History Main / EgoPolis

18th Mar '17 10:59:23 PM dmcreif
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** As the name would suggest, Neo Bowser City in ''VideoGame/MarioKart 7'' is one.

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** As the name would suggest, Neo Bowser City in ''VideoGame/MarioKart 7'' ''VideoGame/MarioKart7'' is one.
3rd Mar '17 7:18:48 PM Xtifr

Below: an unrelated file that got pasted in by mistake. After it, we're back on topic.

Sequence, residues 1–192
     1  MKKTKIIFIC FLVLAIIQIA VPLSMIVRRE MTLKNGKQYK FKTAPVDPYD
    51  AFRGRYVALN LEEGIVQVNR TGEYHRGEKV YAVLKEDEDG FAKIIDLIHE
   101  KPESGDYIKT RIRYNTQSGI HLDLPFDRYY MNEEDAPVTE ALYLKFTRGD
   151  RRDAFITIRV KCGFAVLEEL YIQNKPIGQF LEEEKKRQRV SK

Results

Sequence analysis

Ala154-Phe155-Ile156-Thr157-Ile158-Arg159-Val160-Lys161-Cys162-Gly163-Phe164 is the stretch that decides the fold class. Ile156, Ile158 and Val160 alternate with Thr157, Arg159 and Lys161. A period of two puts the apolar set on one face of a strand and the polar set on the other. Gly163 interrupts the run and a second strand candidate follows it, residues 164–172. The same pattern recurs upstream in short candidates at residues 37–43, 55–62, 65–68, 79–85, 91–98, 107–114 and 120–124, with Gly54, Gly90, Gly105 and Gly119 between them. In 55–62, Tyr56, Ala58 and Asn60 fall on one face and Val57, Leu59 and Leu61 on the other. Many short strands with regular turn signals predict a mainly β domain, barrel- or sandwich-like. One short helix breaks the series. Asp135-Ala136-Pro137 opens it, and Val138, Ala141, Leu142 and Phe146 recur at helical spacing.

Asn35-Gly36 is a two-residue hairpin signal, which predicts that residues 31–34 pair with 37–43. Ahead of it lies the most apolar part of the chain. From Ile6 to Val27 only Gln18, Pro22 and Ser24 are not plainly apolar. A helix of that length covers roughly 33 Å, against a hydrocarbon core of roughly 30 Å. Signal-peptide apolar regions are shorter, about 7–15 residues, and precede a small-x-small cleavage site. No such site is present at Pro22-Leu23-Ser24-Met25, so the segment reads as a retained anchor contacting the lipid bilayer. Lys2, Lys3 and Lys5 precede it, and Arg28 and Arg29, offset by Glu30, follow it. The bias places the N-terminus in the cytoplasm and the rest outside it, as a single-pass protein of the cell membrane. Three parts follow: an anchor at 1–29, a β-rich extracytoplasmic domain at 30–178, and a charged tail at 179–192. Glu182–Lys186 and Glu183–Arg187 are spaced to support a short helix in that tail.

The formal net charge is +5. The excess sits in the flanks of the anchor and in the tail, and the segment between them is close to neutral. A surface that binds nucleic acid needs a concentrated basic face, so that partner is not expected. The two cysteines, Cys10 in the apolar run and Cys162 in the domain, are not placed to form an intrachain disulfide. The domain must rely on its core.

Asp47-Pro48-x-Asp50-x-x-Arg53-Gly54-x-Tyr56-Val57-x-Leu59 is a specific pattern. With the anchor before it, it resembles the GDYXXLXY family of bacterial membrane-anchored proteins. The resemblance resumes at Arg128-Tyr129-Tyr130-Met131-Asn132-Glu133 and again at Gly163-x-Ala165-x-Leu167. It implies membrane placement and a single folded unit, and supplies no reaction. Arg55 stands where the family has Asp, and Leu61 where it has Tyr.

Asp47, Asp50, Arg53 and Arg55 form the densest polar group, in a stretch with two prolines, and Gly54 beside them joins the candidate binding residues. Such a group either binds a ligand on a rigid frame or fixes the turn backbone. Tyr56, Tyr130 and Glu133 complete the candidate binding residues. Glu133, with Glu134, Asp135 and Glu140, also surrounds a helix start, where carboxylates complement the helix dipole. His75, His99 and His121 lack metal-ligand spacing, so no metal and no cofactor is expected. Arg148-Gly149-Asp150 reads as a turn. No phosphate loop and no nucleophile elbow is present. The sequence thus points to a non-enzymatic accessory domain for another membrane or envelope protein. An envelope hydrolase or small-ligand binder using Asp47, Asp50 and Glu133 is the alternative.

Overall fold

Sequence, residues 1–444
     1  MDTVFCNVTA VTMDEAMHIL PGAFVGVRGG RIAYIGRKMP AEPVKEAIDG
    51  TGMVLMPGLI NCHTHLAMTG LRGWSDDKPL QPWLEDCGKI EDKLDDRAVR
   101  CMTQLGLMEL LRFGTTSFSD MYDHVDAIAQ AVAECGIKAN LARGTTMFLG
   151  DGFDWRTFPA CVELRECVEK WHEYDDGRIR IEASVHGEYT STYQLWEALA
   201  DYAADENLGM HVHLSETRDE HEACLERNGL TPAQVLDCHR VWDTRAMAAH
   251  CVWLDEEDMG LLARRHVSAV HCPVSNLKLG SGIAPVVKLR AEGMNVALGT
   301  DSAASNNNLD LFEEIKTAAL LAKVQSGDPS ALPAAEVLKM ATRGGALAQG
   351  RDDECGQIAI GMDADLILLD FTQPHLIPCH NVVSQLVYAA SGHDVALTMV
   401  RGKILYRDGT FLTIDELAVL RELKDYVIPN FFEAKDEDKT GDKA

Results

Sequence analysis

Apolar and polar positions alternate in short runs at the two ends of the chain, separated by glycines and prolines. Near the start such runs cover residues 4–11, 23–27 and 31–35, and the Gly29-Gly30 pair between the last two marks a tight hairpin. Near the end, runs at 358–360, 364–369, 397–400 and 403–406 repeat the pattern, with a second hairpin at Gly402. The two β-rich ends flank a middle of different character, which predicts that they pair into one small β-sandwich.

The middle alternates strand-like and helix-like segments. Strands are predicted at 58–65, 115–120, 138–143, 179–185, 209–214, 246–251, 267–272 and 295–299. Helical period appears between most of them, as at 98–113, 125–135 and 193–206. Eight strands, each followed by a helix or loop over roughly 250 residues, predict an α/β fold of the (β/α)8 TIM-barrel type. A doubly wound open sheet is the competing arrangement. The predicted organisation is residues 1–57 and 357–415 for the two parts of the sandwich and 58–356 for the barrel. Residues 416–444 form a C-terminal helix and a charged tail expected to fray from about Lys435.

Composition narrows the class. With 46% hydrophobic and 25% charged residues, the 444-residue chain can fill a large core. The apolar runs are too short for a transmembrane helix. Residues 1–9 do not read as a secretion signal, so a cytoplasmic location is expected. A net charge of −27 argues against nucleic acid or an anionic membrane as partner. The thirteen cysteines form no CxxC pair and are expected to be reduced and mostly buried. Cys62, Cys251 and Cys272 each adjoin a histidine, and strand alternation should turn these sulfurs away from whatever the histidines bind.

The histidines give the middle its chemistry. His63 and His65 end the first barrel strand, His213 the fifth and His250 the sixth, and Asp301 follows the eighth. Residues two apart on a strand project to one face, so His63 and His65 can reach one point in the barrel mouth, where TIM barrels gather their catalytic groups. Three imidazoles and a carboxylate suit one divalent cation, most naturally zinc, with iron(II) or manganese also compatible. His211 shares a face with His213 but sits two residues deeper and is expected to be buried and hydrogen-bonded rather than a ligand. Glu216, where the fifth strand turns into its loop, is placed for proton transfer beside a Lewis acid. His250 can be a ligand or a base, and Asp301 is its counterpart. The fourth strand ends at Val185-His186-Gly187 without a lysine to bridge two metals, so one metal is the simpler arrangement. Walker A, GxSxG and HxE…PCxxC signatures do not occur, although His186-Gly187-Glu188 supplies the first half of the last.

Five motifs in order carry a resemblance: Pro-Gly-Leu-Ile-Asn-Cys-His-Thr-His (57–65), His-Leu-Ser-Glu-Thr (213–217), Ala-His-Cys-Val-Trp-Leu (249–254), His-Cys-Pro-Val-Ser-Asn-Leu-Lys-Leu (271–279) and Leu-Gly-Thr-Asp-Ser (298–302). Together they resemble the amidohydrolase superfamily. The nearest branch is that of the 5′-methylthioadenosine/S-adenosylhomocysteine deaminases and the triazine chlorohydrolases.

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* Non-country example: Roman emperors Creator/GaiusJuliusCaesar and UsefulNotes/{{Augustus}} got their names added to the ''Julian'' Calendar as months (July and August), replacing the previous names (Quintilis and Sextilis respectively).[[note]]Contrary to popular belief, they did ''not'' add new months, thereby "explaining" why September, October, November, and December seem to say "seventh month, eighth month, ninth month, tenth month" when they are months 9, 10, 11, and 12; rather, the Romans changed their New Year from 1 March to 1 January sometime around the beginning of the second century BCE--about 100-150 years before Caesar. The beginning of the civil year--when the term of the consul began--was made 1 January no later than 153 BCE; many historians argue this appears to reflect a previous change in the reckoning of New Year's festivities for social and religious purposes at least a generation earlier, but other historians point to other evidence that the festival and social New Year was moved to 1 January ''after'' the consular New Year did. As for why the consuls took office in January, there are two theories: (1) It was considered auspicious because the month was named after Janus, the god of transitions and beginnings, or (2) It gave the consuls, whose main job was leading armies in war, two or three months to get used to their new positions before campaign season began in the spring. Some records indicate that the Romans did at some point have a ten-month calendar, and that January and February were added to the ''end'' of the year to get it to line up better, but all of ''those'' records claim that was the work of the semi-legendary second King of Rome Numa Pompilius in the seventh century BCE.[[/note]] Subsequent Roman emperors tried to do the same, renaming other months after themselves (and sometimes after previous emperors as well), but no other changes lasted beyond their deaths.